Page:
This chapter first describes new advances in forwarding schemes which are focused on improving and optimizing existing traffic forwarding functionalities, and then presents reasons why service-oriented routing and forwarding features are needed. The chapter also describes the new requirements for the traffic forwarding, once the forwarding paths (e.g., tunnels) are built to be service-driven instead of reachability oriented. The chapter also describes how the new forwarding schemes satisfy these new requirements. Also, this chapter discusses the challenges that arise when the new forwarding schemes are deployed during the transition from a reachability-based routing network to a context-based routing network.

The recent advances in traffic forwarding areas which are covered in the later sections of this chapter are:

  • a)

    MPLS (Multi-Protocol Label Switching) Multiple Topology (MPLS-MT)

  • b)

    Entropy Label (EL)

  • c)

    Network Virtualization Overlay (NVO3)

  • d)

    Segment Routing (SR)

  • e)

    Using PCE as the Central Controller of Traffic Engineering Tunnels (PCECC)

  • f)

    Service Function Chaining (SFC)

  • g)

    Open Flow

  • h)

    Protocol Oblivious Forwarding/Protocol Independent Forwarding (POF/PIF)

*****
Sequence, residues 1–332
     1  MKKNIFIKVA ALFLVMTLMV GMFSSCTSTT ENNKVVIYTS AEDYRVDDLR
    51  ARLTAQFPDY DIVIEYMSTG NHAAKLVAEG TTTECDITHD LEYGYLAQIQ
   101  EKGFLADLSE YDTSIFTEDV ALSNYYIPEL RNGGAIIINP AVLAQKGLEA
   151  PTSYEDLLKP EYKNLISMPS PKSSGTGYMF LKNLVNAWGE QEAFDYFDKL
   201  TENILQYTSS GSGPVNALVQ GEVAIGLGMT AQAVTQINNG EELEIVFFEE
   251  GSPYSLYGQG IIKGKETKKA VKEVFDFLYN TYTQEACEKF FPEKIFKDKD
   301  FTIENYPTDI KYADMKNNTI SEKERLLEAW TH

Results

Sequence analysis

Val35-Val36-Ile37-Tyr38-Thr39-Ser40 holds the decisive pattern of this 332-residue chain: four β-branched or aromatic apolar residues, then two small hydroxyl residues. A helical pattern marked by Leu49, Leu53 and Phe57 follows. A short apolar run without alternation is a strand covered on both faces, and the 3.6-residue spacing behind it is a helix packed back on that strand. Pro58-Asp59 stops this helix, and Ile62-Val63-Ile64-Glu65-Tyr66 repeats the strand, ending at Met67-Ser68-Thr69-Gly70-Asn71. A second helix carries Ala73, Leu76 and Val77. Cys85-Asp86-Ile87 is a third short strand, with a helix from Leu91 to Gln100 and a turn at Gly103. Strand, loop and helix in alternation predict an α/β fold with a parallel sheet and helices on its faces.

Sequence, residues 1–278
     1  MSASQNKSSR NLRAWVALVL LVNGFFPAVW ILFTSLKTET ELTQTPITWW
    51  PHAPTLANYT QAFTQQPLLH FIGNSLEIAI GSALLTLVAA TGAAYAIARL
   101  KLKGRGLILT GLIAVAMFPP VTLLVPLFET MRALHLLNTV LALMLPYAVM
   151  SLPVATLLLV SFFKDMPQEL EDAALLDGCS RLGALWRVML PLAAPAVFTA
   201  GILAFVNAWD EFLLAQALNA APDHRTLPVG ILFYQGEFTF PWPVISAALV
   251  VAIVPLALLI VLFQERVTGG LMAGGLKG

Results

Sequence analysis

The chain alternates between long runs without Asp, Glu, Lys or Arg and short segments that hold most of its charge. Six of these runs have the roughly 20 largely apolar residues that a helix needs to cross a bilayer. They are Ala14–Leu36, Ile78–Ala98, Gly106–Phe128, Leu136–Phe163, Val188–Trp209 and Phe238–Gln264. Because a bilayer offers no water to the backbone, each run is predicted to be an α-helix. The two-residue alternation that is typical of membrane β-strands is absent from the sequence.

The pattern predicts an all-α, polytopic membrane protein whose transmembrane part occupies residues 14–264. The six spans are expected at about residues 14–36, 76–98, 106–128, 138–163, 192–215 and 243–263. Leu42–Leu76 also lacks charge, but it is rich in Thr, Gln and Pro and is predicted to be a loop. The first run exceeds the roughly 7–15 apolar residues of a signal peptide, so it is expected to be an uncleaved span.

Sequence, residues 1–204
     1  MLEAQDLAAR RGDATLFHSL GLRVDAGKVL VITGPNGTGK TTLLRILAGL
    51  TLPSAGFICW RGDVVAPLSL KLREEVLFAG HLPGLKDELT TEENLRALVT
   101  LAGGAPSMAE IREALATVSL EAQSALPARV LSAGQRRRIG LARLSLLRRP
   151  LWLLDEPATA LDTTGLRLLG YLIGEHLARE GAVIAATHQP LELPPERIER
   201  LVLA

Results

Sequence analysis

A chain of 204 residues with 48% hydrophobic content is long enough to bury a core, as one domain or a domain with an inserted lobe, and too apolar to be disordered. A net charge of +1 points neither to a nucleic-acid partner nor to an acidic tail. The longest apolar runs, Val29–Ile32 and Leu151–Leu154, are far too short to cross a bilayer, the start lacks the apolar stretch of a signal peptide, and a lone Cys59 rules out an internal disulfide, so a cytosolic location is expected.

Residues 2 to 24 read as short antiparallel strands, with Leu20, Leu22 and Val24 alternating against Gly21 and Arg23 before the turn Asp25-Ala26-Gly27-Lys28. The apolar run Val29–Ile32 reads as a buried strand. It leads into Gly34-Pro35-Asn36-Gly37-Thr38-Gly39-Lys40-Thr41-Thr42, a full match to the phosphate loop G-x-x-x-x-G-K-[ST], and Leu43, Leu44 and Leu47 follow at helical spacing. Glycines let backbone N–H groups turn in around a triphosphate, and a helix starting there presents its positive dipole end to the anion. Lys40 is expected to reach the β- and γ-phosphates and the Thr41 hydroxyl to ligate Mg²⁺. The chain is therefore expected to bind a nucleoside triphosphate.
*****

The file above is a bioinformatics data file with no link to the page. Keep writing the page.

The immediate goal of the above techniques is to satisfy the new requirements that result from service-driven traffic engineering paths. At the same time, these solutions ambitions to make the control plane as simple as possible while minimizing the changes in the forwarding plan as much as possible.

Key Terms in this Chapter

PCC: Path Computation Client- any client application requesting a path computation to be performed by a Path Computation Element.

LER: Label Edge Router

PCE: Path Computation Element. An entity (component, application, or network node) that is capable of computing a network path or route based on a network graph and applying computational constraints.

MT Topology: A topology that is built using the corresponding MT-ID.

LSR: Label Switching Router

UHP: Ultimate Hop Popping

TE: Traffic Engineering

IGP: Interior Gateway Protocol. Either of the two routing protocols, Open Shortest Path First (OSPF) or Intermediate System to Intermediate System (IS-IS).

SFC: Service Function Chain

IGP Segment: the generic name for a segment attached to a piece of information advertised by a link-state IGP, e.g. an IGP prefix or an IGP adjacency.

SFP: Service Function Path

SF: Service Function

NVE: Network Virtualization Edge

PE: Provider Edge

NVA: Network Virtualization Authority

MT-ID: A 16-bit value used to represent the Multi-Topology ID.

IGP-Adjacency: an IGP-Adjacency Segment is an IGP segment attached to an unidirectional adjacency or a set of unidirectional adjacencies. By default, an IGP-Adjacency Segment is local (unless explicitly advertised otherwise) to the node that advertises it.

PDP: Policy Decision Point

PW: Pseudowire

LSP: Label Switched Path

TS: Tenant System

Lag: Link Aggregation Group

TOR: Top of Rack

ECMP: Equal Cost Multi-Path

Active Segment: the segment that MUST be used by the receiving router to process the packet. It is identified by a pointer in the IPv6 architecture. It is the top label in the MPLS architecture.

ELI: Entropy Label Indicator

Segment: a segment identifies an instruction

FEC: Forwarding Equivalence Class

VPN: Virtual Private Network

VN: Virtual Network

EL: Entropy Label

Complete Chapter List

Search this Book:
Reset